There are numerous bands and artists who claim to be independent but few have embraced the DIY ethic as totally as The Lovely Eggs.

The Lancaster-based duo - husband and wife David Blackwell and Holly Ross - have been making music their way for the past 16 years and now they have a new album, their first for four years out now, and their biggest tour yet about to start.

The Bolton News: The Lovely Eggs- Holly and David                                                 (Picture: Darren Andrews)

“Being independent and doing everything ourselves is not some kind of marketing ploy,” said Holly. “It’s something we’ve done for last 16 or 17 years in this band and it hasn’t changed. I think it’s important to work in that way.”

So for the release of Eggsistentialism the pair have been hand signing art cards to accompany advanced orders and packing up every album, writing address labels and posting them off.

“It has been a bit insane,” said Holly. “I think we both wish we’d organised a bit more help but it’s sort of crept up on us.

“This is our first album since I Am Moron, and it felt like we had a lot to do then. But we have never sold as many albums as we have now and the tour will take us to much bigger venues than we have played before.

“We may well get people on board in the future to help pack our records or take on some of the admin so that we can concentrate on the music. But I think it will always be Eggland and something we control. That’s something which is so important to us.

“I can only speak about what we do in our world. But we always get back to everybody; send out every order ourselves as it is something meaningful.

“Life should have meaning; it’s not just a sale of a unit or a transaction; life should be so much more than that and we try to make it that as much as we can.”

The duo’s lo-fi psychedelia featuring Holly on guitar and vocals and David on drums has won them a growing army of fans who have bought into the couple’s unique approach.

After lockdown they decided to produce their own TV series Eggland which proved far more time consuming than they had envisaged.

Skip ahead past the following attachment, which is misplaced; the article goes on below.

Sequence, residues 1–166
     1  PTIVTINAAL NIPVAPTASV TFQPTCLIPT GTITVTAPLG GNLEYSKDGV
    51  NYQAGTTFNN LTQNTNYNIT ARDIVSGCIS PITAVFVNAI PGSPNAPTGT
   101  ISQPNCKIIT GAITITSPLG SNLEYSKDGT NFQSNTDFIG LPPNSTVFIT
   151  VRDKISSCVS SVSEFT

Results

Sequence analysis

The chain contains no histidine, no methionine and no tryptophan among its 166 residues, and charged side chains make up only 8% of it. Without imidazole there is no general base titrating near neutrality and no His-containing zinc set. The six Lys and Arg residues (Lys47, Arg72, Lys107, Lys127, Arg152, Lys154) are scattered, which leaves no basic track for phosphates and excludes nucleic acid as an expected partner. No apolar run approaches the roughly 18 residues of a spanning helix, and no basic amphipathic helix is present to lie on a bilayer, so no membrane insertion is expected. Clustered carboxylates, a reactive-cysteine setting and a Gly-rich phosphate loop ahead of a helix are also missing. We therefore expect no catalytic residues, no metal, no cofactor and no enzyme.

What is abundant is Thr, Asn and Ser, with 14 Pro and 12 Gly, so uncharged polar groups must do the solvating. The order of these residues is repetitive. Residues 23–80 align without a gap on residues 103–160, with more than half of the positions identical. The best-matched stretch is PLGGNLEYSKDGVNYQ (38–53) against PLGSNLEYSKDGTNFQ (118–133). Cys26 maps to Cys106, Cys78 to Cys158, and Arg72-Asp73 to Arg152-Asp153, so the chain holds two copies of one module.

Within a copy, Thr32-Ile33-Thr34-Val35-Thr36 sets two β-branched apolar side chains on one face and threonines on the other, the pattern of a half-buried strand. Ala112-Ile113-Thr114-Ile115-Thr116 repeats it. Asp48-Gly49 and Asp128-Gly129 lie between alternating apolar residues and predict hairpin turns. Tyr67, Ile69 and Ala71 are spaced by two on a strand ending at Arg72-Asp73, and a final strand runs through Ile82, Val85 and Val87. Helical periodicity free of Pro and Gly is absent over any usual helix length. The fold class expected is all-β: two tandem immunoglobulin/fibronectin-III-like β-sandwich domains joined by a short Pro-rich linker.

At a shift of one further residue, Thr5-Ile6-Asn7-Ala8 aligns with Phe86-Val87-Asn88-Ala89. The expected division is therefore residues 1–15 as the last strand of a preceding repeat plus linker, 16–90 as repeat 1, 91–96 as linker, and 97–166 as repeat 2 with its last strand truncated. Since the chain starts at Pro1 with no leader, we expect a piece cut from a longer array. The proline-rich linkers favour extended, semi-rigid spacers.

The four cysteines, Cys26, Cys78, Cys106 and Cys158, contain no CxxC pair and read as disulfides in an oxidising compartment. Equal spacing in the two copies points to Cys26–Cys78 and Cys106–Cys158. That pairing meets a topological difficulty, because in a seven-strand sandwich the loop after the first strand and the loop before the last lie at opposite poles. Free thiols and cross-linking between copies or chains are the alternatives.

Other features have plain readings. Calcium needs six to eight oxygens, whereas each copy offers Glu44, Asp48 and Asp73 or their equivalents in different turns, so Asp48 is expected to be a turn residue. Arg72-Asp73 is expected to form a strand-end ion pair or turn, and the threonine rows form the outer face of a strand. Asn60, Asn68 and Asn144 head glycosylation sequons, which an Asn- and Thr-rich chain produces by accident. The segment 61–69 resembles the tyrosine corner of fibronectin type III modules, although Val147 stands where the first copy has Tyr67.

“We thought it would take a few months,” said Holly, “and it took us two years. It literally consumed us. But we thought if we were going to do it, we wanted to get it right. We worked with artist Casey Raymond who does all our records. That was a lot of time taken up.”

As if that wasn’t enough, the pair have been embroiled in a long battle to save Lancaster’s Music Co-operative, a building which had fallen into disrepair.

“It’s been a massive struggle,”she said. “We had to hold the council to account for the promises they made to us in 2018 which they didn’t fulfill. It took us going in and saying’ all you said in a full council meeting you haven’t done, what is going on? When can we have our Music Co-op back? Where is this long term lease you promised us? When are the urgent repairs going to get done?’ It took a massive emotional toll on me and David and rest of volunteers.

“It’s hard to deal with such a bureaucratic system but we feel so passionately about what it’s used for. We want somewhere people can create music in a safe space; people of all backgrounds, all economic backgrounds as well.

“It was bad enough in 2018 to fight them but we’ve had to fight for it again to get council officers to do what they said they would.”

The ongoing saga of the Music Co-op has had a major impact on the band.

“It was pretty much a full-time job,” said Holly. “But finally we have got a 99-year lease and the council has awarded us the funds it had allocated in 2018 to carry our repairs.

“That’s not going to cover everything now so we are having to fundraise but the building has a roof on and is watertight and we are hoping to get it open for March next year.”

The new album reflects the stress that Holly and David were under.

“There was so much unrest and turmoil. Eggsistentialism reads like a diary entry really,” she said. “We really didn’t have time to think about writing the album, we just sat down and did it.

“You can definitely sense what we were going through and as a result it’s a very human album which isn’t a bad thing. After all life isn’t always jolly.

“They do say that as an artist when you are at your lowest you make your best work, and I think that might have happened with this album. I’m just annoyed we had to go through it all to get here, but we have got a very good album out of it.”

With the Music Co-op’s future secure the pair can now look forward to embarking on their biggest tour yet.

“We can’t wait to get back on tour.” said Holly. “We’ll be visiting some old favourite places and others we’ve not been to in quite a few years It’s always a good laugh on the road. It will actually be relaxing after all the admin and sending out thousands of records.

“But music has always been our escape. It is something very precious, almost holy and now things have calmed down a bit I’m hoping we can get some balance into our lives and can go back to do what we do best - being in a band.”

Eggsistentialism is out now on Egg Records. The Lovely Eggs play New Century in Manchester on Saturday, June 1